For users interested in the status of their DNS resolver, probably managed by their ISP, there are several tools available. For example, if you view our homepage and see the green circle next to the DNSSEC Secured tag, you can rest assured. Other color means you should contact your DNS resolver administrator for better security. A slightly more detailed overview of supported algorithms is offered by a test by Dutch researchers.

However, the situation in the CZ domain has evolved over the last year so that the ECDSA algorithm became the most commonly used DNSSEC algorithm. The Czech registrars Zoner, Ignum, and ACTIVE24 have evaluated the new algorithm as one with great advantages and sufficient support and transitioned to it on all the domains they host in their infrastructure. Both versions of this algorithm, namely ECDSAP256SHA256 and ECDSAP384SHA384, already cover almost half of all secure domains. Regardless of the DNSSEC algorithm used directly for the CZ domain, you probably use the ECDSA algorithm when visiting Czech domains.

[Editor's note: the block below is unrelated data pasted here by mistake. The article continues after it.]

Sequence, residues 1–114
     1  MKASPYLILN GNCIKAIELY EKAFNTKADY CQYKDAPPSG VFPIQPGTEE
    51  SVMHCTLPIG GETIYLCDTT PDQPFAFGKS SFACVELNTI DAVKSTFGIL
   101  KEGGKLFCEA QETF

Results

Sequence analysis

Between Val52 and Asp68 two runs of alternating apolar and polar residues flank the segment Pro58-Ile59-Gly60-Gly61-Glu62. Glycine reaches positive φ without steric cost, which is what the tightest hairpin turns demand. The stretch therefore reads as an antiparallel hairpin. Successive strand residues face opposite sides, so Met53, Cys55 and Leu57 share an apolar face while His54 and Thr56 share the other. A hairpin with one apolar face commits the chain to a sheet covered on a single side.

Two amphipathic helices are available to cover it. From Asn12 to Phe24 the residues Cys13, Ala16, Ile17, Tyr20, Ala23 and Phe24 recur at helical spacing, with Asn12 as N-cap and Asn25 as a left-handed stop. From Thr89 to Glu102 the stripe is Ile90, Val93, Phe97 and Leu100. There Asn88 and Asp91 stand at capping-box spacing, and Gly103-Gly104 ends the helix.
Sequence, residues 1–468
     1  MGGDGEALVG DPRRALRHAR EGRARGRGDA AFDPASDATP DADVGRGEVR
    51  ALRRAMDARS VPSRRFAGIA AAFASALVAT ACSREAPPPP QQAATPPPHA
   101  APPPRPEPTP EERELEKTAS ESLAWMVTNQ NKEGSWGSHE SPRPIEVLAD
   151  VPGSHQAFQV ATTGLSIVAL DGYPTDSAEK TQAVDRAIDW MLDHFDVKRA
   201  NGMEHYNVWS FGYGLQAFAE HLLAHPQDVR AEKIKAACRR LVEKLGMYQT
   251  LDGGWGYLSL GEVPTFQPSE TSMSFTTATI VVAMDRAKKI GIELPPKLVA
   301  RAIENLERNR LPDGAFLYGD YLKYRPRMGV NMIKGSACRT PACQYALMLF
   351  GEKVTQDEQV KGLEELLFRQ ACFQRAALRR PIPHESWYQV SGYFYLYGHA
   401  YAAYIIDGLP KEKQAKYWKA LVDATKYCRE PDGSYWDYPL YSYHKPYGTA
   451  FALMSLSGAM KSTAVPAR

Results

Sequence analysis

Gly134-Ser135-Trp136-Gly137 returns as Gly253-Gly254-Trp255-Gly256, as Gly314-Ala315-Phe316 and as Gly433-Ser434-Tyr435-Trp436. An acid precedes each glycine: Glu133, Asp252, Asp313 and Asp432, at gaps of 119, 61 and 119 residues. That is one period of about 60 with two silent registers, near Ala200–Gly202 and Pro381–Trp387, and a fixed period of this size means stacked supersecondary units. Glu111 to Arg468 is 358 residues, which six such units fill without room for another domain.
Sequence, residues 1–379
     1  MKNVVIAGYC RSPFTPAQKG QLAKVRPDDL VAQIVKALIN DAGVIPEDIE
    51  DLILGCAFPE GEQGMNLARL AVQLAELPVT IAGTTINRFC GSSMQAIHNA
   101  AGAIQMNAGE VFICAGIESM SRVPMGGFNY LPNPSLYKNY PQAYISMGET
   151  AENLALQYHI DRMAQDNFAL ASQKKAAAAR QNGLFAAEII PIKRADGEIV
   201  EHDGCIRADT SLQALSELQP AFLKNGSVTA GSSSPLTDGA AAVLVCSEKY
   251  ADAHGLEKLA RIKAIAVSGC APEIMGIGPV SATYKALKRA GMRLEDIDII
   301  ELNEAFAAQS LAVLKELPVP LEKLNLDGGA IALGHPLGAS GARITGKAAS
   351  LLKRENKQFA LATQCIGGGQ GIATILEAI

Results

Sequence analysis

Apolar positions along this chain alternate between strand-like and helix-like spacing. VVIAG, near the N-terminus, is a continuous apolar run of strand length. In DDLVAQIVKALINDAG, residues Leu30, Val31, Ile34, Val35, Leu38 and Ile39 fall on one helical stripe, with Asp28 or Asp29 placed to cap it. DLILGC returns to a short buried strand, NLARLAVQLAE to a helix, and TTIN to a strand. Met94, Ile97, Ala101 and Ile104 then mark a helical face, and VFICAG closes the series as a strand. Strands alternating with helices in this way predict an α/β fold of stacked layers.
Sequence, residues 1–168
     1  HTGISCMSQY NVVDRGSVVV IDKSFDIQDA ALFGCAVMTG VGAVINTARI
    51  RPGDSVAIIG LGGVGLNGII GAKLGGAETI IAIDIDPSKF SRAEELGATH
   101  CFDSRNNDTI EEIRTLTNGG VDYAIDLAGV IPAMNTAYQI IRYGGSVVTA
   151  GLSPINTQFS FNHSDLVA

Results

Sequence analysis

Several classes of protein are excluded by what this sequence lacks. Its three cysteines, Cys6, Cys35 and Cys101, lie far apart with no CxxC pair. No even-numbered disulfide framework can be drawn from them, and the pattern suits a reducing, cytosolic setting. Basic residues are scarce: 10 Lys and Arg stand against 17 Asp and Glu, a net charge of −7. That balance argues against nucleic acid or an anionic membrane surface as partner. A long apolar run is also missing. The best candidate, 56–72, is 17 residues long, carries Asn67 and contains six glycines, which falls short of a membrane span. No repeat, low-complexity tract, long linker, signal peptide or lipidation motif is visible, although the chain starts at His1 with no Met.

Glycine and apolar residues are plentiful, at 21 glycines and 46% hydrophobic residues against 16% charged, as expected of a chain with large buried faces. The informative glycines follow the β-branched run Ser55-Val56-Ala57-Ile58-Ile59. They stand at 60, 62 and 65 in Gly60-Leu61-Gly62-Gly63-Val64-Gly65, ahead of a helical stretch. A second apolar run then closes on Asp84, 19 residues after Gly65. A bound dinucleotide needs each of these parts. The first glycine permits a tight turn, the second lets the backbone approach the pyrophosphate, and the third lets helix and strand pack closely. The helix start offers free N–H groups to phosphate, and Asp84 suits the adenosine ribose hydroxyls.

Over the past eight years, the way we manage DNSSEC has also changed dramatically. In 2013, we decided to split the management of ZSK and KSK between two teams. While ZSK, which changes every two months, is managed by system administrators, KSK is stored in an offline vault and supervised by members of the CSIRT security team. Twice a year the ZSK team generates three new keys and prepares files containing corresponding combinations according to the time schedule for the next six months. The KSK team then picks up the KSK from the vault and signs the prepared files. These signed files are then saved back to the system, where the zone-signing script selects the appropriate signature key combination according to the current time and inserts it into the zone file. During this procedure, in the past we have tried the standard KSK rotation, however without the change of algorithm.